Our Insight List is designed to keep us on our toes and you in the loop, on a regular basis. Our
Quarterly Insights is sent to our clients and friends four times a year. Our Show Insights provide
in-depth reports from the major International Auto Shows.
Why don’t we have dedicated driver’s seats?
Isn’t it odd how the driver’s seat in every car is not designed specifically for a driver? How all drivers’ seats are exactly the same as the (often very well designed) front passenger’s seat, yet the driver drives whilst the passenger doesn’t…
We postulate that, in such a mature product as the car, the focus of new product development has to be at the creative leading edge and assume that it steps off a robust basis of well established good practice. But maybe there ought to be more energy devoted to ‘cleansheeting’ and to question what has gone before. Maybe the driver’s seat should be reconsidered? Maybe other aspects of car design should be too?
Screens have resulted in much simpler yet more premium interior designs that tend to do away with many physical buttons and switches. The impact on the user experience and ergonomics has been variable – to say the least – but a secondary trend impact of this development is the horizontal button island. Buttons used to be everywhere in the car interior, but now the few buttons left are becoming a design feature. Clearly demarcated in an 'island' zone, these typically high-quality buttons remain to control key, safety-critical functions such as screen demist and the hazard warning lights.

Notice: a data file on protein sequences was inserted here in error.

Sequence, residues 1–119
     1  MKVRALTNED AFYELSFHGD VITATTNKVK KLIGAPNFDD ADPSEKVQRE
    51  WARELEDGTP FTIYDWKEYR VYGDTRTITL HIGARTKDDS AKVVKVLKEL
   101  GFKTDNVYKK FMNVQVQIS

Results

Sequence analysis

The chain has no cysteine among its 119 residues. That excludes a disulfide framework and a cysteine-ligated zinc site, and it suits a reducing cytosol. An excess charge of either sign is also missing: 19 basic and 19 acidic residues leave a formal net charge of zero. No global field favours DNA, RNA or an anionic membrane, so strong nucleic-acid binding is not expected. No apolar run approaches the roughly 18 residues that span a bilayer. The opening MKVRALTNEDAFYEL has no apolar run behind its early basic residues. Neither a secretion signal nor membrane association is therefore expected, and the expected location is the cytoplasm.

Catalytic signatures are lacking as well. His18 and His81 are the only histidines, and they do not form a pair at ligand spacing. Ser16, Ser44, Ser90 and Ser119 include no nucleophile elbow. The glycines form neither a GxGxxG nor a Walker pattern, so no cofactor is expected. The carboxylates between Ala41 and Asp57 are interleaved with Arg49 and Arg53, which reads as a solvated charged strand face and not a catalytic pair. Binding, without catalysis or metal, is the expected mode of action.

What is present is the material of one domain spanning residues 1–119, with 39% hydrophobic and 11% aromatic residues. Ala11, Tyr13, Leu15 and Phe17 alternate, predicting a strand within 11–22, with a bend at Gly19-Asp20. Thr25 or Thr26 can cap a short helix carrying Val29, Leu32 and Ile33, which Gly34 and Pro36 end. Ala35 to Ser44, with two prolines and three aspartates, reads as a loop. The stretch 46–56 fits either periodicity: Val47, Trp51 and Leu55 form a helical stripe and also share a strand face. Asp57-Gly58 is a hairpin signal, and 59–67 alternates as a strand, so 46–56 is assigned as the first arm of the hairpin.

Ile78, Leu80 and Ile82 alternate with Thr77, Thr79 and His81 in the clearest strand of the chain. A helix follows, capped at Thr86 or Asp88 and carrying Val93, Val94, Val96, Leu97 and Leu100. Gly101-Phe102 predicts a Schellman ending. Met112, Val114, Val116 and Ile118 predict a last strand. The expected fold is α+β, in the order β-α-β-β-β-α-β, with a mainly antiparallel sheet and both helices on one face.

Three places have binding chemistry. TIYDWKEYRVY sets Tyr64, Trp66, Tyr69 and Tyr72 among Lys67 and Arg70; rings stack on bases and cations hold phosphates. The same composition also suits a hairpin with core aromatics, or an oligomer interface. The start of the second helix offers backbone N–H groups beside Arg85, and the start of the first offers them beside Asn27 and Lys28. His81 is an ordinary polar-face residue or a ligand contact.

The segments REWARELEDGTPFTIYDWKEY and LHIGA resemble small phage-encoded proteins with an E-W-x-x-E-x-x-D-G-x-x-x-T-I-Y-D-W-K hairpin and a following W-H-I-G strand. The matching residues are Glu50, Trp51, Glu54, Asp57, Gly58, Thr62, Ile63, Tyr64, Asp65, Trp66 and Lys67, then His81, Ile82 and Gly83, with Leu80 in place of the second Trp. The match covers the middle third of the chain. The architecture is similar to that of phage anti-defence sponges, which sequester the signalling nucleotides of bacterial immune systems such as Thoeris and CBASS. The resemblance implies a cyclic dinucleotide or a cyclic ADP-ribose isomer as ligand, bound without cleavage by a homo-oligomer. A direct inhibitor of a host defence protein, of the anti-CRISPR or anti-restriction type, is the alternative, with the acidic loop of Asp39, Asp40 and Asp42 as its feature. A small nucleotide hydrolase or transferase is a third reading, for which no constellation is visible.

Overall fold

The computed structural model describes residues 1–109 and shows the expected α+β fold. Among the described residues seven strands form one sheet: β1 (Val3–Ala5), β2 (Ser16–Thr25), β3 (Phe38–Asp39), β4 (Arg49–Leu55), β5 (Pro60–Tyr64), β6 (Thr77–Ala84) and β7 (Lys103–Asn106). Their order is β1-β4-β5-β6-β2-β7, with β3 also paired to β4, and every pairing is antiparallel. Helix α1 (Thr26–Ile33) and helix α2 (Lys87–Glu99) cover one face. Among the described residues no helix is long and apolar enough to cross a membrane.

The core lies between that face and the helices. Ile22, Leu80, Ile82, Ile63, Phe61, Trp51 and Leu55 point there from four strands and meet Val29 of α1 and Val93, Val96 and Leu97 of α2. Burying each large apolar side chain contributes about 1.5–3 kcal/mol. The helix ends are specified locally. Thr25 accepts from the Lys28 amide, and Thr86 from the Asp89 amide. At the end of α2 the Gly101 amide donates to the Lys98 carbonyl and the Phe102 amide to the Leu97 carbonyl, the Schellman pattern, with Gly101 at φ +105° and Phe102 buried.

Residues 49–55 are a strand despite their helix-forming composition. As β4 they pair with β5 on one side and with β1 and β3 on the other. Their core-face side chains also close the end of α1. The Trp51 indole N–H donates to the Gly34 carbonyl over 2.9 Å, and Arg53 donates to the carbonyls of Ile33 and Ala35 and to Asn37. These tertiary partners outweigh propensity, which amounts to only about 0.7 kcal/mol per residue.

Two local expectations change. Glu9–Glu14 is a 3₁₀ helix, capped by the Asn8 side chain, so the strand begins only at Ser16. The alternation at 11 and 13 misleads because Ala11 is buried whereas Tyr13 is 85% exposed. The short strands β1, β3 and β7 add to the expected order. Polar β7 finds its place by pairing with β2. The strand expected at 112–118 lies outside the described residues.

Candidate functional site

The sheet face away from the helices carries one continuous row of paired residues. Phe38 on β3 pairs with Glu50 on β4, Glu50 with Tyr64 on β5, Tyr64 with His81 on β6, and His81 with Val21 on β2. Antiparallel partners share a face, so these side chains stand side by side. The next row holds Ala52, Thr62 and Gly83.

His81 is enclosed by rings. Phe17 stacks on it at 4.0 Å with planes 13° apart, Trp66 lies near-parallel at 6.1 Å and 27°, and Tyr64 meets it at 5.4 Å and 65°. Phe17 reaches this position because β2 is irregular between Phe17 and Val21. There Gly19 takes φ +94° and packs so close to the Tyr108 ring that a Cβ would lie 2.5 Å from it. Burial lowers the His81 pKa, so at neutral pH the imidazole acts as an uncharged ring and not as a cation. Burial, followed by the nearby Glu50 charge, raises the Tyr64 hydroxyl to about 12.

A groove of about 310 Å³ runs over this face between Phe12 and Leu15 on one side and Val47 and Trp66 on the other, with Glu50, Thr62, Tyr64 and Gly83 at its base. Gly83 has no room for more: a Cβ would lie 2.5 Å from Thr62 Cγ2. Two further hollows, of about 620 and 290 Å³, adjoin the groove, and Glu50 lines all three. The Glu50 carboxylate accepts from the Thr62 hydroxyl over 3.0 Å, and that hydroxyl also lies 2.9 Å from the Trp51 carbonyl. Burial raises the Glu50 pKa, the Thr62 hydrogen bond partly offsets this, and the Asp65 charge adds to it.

While cruising comfortably on Europe's well-maintained motorways, it's easy to sit back and dismiss America's fascination with SUVs as a product of the stereotypical "everything's bigger" mentality. However, on a recent holiday in America I was struck by the state of US roads and the relation to the cars Americans choose.